Basic science: understanding numbers
Basic science: understanding numbers

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Basic science: understanding numbers

1.3 We’re all scientists now

Figure _unit1.3.1 Figure 2: What was the world like 150 years ago?

Consider how the world was 150 years ago. You could probably have lived quite well without understanding numbers beyond 100 (although there were 12 pence to the shilling and 20 shillings to the pound, so it wasn’t all easy maths in those days), but you might have been better informed if you had known a few numbers.

That was a world of about one and a half billion people (1,500,000,000, a number that you’ll be able write in scientific notation later this week), compared to over seven billion people (7,000,000,000) today. Infant mortality was high, with somewhere between 10 and 15 out of every 100 babies dying before their first birthday. Disease was much more common, and even just over 150 years ago in 1854, over 600 people died in an outbreak of cholera in Soho, London, at a time when science didn’t understand what caused disease. Perhaps more impressive and deadly was the influenza outbreak of 1918 that killed at least 50 million people (50,000,000), which was 3% of the world’s population at the time.

A lot has changed since then. Most of our modern comforts and some amazing scientific discoveries have come about through the application of scientific thinking in medicine, engineering, food science and electronics. While this is marvellous for us, there is a risk involved, as described by the astronomer, Carl Sagan:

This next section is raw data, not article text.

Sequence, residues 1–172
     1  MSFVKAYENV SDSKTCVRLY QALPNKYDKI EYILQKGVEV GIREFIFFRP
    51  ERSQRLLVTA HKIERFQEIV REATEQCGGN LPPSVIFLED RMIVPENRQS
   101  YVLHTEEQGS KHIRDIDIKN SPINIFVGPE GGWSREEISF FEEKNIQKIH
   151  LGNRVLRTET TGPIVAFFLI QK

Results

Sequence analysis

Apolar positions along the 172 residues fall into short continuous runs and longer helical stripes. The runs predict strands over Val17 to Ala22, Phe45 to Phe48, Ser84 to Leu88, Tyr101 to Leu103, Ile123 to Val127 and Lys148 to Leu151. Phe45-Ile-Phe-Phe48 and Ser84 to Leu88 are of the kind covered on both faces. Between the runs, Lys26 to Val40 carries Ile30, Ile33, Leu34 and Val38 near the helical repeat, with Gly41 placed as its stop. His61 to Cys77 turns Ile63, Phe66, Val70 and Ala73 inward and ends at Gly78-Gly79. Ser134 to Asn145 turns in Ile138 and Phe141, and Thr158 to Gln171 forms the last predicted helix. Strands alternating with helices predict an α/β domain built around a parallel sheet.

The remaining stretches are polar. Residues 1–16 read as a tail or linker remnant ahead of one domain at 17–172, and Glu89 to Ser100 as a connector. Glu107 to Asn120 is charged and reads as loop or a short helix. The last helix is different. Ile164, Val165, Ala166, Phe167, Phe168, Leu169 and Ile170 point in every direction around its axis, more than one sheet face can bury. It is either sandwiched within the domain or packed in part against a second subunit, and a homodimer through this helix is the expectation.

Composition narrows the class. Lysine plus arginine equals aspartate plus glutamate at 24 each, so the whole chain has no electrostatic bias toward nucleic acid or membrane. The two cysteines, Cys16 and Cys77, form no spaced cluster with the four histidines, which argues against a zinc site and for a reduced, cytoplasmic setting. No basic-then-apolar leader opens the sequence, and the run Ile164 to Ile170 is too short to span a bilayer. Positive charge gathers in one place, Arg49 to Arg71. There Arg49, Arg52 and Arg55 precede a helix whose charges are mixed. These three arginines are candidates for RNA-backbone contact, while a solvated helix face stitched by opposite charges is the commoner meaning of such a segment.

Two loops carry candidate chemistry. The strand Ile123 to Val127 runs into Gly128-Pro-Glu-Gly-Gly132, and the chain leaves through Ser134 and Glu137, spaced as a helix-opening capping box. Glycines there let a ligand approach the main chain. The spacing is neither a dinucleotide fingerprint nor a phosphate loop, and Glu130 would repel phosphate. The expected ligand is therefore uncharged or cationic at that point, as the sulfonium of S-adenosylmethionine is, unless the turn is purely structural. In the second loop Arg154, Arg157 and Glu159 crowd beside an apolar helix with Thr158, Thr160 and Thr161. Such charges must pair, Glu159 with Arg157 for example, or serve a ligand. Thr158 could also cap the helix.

We live in a society exquisitely dependent on science and technology, in which hardly anyone knows anything about science and technology.

(Sagan, 1990)

Numbers are everywhere, not just to count from 1 to 10, or even to 100, but to describe the electric charge carried by electrons, the basis of electricity, or the amount of water in the world’s oceans. Numbers appear in the media, in our jobs, and even just in our daily lives, whether in relation to an environmental crisis, the outcomes of a medical trial, or the special offer on cheese at your local supermarket.

Numbers matter, and scientists expend a lot of effort quantifying the world in order to understand it. As an example, numbers tell us a lot about life, or rather the difference between different forms of life. How many genes are there in human DNA compared with the number of genes in fruit fly DNA, or yeast DNA? The number of genes doesn’t describe everything, it’s their interactions which produce the final result, but it is a start. Are you wondering about that? How to test it? What numbers might mean? Now, you’re a scientist.

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